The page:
For viewers with English as a second language, who do not need amplification but translation, subtitles can be viewed on a smartphone with specialist equipment to transmit this data. Clearly this means moving the eyes even further away from the action.
Each of these alternatives involve investment and do not cover all viewers’ need, but offer a different compromise. Simply amplifying the film’s sound is not adequate to address the diversity of hearing needs as one blogger points out. The advantage of switching on subtitles on the screen is that it costs nothing – an important issue for amateur organisations, and certainly the best option in the first place.
Mainstream cinema policies
Mainstream cinemas do try to support those who would benefit from subtitles, but arguably by supporting access rather than inclusion. They schedule screenings where subtitles are shown for specific times and these are rarely convenient for those working and don’t make it easy to join in a social event with friends and family. See for example the Odeon’s policy.
It is also quite difficult to search for such screenings, so going to the cinema becomes a planned activity rather than a spontaneous pleasure.
Finding a subtitled screening
To tackle this problem, the website Your Local Cinema is dedicated to identifying when cinemas are showing subtitled and audio description films for the hearing or sight impaired. It explains the case for screening films with technical support of all kinds to create an inclusive cinema for all. It exhorts cinemas to provide an equal service so that a diverse public can enjoy the cinema experience with family & friends, and it is supported by the Cinema and Television Benevolent Fund, UK film distributors (via the FDA) and the British Film Institute.
Through a competition inviting messages about subtitles they have created a list which is worth reading through to get a flavour of the range of experiences and wishes. This is a selection from that site:
“I know quite a few people who, like me, have become disabled in the prime of their lives. I served in Iraq, came home last year with permanent damage to my hearing. I can still enjoy music, it’s just not as clear as it used to be. I find I now read a lot of song lyrics! Never really bothered before. Same with films. I can still enjoy them with a little ‘assistance’. In this case, subtitles. I only go to the cinema now if the film is subtitled. Thankfully most are these days.”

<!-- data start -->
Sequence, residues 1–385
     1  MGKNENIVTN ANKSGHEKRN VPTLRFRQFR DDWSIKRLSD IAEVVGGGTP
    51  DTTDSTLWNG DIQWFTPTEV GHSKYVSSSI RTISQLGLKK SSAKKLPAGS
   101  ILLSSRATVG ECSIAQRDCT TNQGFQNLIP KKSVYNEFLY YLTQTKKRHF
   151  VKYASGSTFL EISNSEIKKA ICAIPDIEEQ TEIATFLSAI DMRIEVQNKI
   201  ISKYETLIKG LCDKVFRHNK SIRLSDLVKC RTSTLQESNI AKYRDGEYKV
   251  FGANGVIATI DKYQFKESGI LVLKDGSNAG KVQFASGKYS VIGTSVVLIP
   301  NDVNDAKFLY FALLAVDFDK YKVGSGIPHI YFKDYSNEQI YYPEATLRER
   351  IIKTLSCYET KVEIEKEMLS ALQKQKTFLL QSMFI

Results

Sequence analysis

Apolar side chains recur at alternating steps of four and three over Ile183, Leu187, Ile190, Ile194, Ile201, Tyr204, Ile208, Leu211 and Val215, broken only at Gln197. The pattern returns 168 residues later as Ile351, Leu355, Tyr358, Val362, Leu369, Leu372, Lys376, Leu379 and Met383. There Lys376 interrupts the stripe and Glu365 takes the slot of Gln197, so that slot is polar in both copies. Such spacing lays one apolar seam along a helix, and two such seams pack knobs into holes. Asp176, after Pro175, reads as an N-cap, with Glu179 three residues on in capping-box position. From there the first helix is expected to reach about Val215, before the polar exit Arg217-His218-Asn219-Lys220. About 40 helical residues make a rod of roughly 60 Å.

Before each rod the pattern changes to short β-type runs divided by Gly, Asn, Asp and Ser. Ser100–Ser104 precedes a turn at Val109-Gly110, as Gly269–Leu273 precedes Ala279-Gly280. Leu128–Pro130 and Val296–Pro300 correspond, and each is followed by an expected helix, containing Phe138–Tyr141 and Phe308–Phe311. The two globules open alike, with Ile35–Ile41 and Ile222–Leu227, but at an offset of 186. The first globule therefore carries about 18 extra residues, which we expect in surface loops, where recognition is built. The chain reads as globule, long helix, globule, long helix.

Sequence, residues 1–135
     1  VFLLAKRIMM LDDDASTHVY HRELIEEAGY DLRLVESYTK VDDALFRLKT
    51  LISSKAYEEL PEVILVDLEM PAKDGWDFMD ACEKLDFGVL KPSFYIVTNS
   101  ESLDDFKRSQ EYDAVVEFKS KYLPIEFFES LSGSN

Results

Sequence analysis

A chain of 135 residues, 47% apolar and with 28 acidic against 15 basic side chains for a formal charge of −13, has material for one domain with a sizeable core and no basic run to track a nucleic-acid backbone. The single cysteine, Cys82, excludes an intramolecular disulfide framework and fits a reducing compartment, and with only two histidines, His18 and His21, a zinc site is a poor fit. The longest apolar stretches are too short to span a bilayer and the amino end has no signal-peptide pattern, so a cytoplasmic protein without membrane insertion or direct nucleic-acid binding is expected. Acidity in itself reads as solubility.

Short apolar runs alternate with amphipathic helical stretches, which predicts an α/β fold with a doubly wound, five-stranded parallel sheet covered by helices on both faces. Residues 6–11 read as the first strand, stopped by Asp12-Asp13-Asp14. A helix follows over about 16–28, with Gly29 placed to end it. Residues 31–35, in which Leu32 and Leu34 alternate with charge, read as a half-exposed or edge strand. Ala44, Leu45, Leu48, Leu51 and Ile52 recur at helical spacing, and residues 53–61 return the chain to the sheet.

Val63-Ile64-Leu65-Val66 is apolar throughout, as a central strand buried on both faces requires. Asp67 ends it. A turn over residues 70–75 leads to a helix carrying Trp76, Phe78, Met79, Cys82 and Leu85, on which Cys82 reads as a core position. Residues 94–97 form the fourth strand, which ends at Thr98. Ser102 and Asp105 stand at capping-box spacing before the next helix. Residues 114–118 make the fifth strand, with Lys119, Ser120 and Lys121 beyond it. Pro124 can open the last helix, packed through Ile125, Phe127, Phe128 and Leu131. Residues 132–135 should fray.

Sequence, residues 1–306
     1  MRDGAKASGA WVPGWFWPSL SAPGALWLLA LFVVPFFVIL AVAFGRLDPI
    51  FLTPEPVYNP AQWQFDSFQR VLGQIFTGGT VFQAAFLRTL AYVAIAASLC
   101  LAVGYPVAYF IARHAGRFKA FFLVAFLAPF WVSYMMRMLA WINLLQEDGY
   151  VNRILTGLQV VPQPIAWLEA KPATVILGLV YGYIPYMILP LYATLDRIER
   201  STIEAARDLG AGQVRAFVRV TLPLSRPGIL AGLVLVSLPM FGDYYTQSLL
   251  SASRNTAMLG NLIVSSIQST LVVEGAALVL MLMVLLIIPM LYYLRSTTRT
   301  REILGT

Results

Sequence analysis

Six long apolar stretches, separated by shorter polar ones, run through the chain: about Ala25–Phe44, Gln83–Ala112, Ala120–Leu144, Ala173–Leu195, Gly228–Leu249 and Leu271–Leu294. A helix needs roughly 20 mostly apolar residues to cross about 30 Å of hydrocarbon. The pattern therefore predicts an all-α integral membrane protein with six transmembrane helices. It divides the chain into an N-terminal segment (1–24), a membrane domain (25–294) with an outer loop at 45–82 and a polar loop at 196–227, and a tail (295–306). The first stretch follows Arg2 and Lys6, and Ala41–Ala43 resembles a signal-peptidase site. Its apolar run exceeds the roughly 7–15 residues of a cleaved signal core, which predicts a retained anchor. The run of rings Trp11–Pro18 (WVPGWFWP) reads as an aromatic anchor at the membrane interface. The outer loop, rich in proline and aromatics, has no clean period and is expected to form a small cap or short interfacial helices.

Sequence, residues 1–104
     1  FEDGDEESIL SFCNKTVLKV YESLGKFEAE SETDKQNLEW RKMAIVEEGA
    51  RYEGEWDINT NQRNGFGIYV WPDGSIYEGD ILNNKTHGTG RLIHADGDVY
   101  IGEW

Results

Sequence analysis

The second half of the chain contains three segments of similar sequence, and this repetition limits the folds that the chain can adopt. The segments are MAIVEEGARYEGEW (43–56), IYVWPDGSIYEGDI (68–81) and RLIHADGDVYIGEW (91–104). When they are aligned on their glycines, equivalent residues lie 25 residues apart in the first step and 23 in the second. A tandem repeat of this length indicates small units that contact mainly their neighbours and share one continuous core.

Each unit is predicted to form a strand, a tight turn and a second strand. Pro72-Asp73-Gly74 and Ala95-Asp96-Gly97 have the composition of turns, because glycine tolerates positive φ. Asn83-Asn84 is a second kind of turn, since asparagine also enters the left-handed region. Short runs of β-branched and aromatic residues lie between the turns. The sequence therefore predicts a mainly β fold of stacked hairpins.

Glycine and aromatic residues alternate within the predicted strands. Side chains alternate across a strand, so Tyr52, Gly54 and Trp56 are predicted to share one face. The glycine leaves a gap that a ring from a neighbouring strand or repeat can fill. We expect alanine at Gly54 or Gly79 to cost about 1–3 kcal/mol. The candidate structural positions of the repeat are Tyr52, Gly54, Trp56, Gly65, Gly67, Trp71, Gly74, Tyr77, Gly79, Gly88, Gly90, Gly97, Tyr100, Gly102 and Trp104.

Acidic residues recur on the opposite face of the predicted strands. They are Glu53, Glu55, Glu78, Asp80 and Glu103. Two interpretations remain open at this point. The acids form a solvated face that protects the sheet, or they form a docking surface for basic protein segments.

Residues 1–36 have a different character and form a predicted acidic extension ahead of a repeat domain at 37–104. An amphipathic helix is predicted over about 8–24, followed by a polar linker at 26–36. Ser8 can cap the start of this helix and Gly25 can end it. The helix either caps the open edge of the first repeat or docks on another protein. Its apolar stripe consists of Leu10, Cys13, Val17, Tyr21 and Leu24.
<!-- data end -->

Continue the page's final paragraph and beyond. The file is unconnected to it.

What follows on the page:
“[my mother] has stopped going to see English language films as, even with hearing aids, she can’t really hear them properly (Also because sound levels fluctuate so much in movies that she has to keep on fiddling with aids). Waiting till something comes out in DVD is really not the same.”
“I think subtitled cinema is great, When i lost my hearing i thought my social life was over but subtitled cinema has proved me wrong!”
“I can honestly say that subtitled cinema has been a dream come true. It’s given me & my mum the chance to share quality time together. She’s profoundly deaf since she was aged four, preventing her from enjoying the cinema (whooping cough took her hearing away).”
“After I saw Inception (with subtitles, of course which I’m very grateful, cheers) I bumped into a friend who was working there at the time told me there was a hearing woman (who went to the same screening as me) made a complaint that there was subtitles on the screen! This totally annoyed me over the fact she did once not think of how lucky she is, that she can come to a cinema to watch any film at any time of any day whereas the rest of us with hearing difficulties has one or two subtitled film per week, sometimes none if those listed films aren’t our cup of tea. (And also why she came to see the subtitled film in the first place anyway, oh deary me!)”
“For years, as a teenager, all my friends would always want to go the cinema, so I’d go along, pretend to know what happened, and laugh when everyone else laughed at something funny.
But now subtitled movies allow me to enjoy watching films with my family and friends. I can talk about what happened in the movie and laugh along with the jokes – not because everyone else laughed! Best invention ever!!”
“”I’m hard of hearing. Subtitles are a godsend when visiting the Cinema, or watching a DVD at home. As a person of a certain age I only wish we had them back in the forties and fifties, when Brando and other Method actors were mumbling their way through various movies!”
“My wife is deaf and finds the high sound levels are useless to her, as is the loop system. I have only praise for the companies involved in producing subtitled facilities – they make the world of difference.”
“Hard of hearing folks without a hearing aid rely heavily on subtitling. Being able to go to the cinema and see a subtitled film really reduces the isolation they live with.”
“I have a friend whom English is her second language so reading the words as they’re said helps teach her the language.”
This issue is problematic and any solution involves compromise. My view is that the compromise of always showing subtitles is worth making in order to be inclusive and reduce social isolation in a small town with no cinema and an ageing population. I have become convinced that this is the best way to welcome the deaf, hard of hearing and those with English as a second language to watch and discuss films with their friends and families.
What do you think? Please feel free to express your views by adding a comment to this article or emailing me directly at email@example.com.